George – When viewed from afar the second generation X1 hasn’t changed all that much when compared to the face-lifted version of the original X1.
The same basic low-slung crossover body is retained and when viewed from the side it is tricky to tell a 2016 and 2014 model apart. It is only once you walk round to the front that the differences become apparent.
The front bumper is more sculpted, the double kidney grille is larger, the headlights are narrower and the overall impression is far less cartoonish than the original 2010 model.
When you consider that BMW managed to sell more than 730 000 of these dinky crossovers worldwide, it is quite understandable that they opted for an evolutionary change rather than a revolution. After all, why mess with success?
Gallery: 2016 BMW X1
The roofline of the new X1 is 53mm taller than the outgoing model. This in turn allows the seating position to be raised by 36mm at the front and 64mm at the rear. Sitting slightly higher off the ground feels appropriate for an X model.
Additional exterior changes include black borders on the lower edge of the body and the squared contour of the wheel cut-outs.
As you’d expect from a BMW crossover; the X1 is far more suited to tar than dirt. To drive an X1 on a rutted gravel road is not a particularly pleasant experience as I discovered on the forestry trails in the Outeniqua Mountains.
After about an hour driving from George to Mossel Bay my body felt tired and abused. The punches to my kidneys didn’t cease until I reached the R328 with its smooth tarred surface that lead north though Jonkerberg Nature Reserve.
This is where the X1 belongs; on a quiet back road with a good surface and lots of sweeping bends to play in. There was almost no hint of body roll and the low profile tyres which punished me so cruelly earlier had now become my best friends.
My test vehicle, an xDrive20i with an 8-speed Steptronic gearbox, was a delight to drive. The all-wheel-drive system clung to the road like glue and engine power seemed inexhaustible through Robinson Pass.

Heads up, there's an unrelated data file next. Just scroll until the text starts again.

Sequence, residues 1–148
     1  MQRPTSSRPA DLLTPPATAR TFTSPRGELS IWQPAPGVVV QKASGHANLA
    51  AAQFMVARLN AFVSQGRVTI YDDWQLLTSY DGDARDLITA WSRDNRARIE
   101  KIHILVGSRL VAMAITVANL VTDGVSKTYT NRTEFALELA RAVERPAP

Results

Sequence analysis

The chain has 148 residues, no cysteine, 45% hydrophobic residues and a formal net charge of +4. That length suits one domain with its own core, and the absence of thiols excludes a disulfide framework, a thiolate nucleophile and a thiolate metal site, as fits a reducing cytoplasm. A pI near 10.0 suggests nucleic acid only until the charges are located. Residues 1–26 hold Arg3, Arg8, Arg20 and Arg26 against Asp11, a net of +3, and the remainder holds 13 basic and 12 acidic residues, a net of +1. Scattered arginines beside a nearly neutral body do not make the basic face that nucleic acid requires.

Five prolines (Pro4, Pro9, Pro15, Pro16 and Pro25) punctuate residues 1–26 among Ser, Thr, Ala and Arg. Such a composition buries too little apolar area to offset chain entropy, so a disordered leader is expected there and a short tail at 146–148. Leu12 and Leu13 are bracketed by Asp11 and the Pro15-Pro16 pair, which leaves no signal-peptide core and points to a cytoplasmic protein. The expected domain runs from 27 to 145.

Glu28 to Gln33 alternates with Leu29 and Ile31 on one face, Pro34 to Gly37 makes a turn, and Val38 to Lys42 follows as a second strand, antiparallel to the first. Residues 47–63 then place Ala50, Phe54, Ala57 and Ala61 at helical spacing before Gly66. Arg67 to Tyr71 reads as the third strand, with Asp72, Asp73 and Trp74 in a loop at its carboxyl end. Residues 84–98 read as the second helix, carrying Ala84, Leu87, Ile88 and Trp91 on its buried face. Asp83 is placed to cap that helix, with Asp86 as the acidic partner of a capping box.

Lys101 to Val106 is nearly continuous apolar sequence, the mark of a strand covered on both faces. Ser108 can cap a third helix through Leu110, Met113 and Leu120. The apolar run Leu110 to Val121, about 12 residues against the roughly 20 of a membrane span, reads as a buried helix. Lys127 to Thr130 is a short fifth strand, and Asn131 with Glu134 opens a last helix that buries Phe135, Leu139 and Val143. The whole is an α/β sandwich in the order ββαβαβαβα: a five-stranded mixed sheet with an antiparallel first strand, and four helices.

Once the road straightened out I had to quickly check myself because the X1 had slipped well above the legal speed limit without me noticing. The X1 is therefore a crossover only in name. It prefers to play on tarred roads and although it can do farm roads, it’s not particularly pleased to get dirty.
The biggest changes were made to the interior. Where the previous model looked a bit plain, the new X1 features a generous amount of chrome and a 16.5cm touch screen with BMW’s iDrive operating system high up on the dashboard.
Standard features include, but are not limited to, electrically adjustable and heated exterior mirrors, rain sensor and automatic headlight control, additional 12V socket in the passenger footwell and central locking with remote control key (rechargeable while driving).
There is also Cruise Control with Brake Function, an alarm system with remote control, Isofix attachments for the two outer rear seats, dynamic stability control (DSC) & dynamic traction control (DTC) and run-flat tyres with passive tyre deflation monitor.
Optional extras include: Head-up display, full-LED headlights, Dynamic damper control, and the Driving Assist Plus system.
The BMW X1 can now also be specified with the Driving Assist Plus line-up of the Active Cruise Control system with Stop & Go function, Lane Departure Warning, Traffic Jam Assistant, Collision Warning and Approach control warning with City Braking function.
These systems are complemented by an up-to-the-minute selection of apps allowing customers to add to the car’s comfort, navigation and infotainment functionality, as desired.
The second generation BMW X1 is powered by a brand new selection of engines featuring BMW’s TwinPower Turbo technology. There are two petrol and one diesel unit – four cylinders all.
Outputs range from 100kW to 170kW. The engines link up with either a six-speed manual (sDrive 18i and sDrive20d only) or an eight-speed Steptronic unit (standard in all xDrive models and six-speed Steptronic unit in sDrive18i only).
sDrive18i 6-speed Manual Transmission -R435 000
sDrive18i 6-speed Auto Steptronic -R452 400
sDrive20i 8-speed Auto Steptronic - R492 000
sDrive20d 6-speed Manual Transmission - R479 500
sDrive20d 8-speed Auto Steptronic - R498 400
xDrive20i 8-speed Auto Steptronic - R539 500
xDrive20d 8-speed Auto Steptronic - R557 500
xDrive25i 8-speed Auto Steptronic - R602 500
On top of the standard models BMW also offer Sport Line, xLine and M Sport packages. The Sport Line and xLine adds roughly R20 000 to the base price of each standard model while the M Sport package ads about R40 000 on to the base price. An sDrive18i 6-speed MT Sport Line for instance costs R459 000 while an xDrive25i M Sport costs R639 400.
All new BMWs sold in South Africa include a 5 year/100 000 km Motorplan maintenance contract. This covers all service, maintenance and repairs resulting from normal wear and tear, excluding tyres and fuel.
BMW On Call roadside assistance is supported in South Africa, Botswana, Namibia and Swaziland.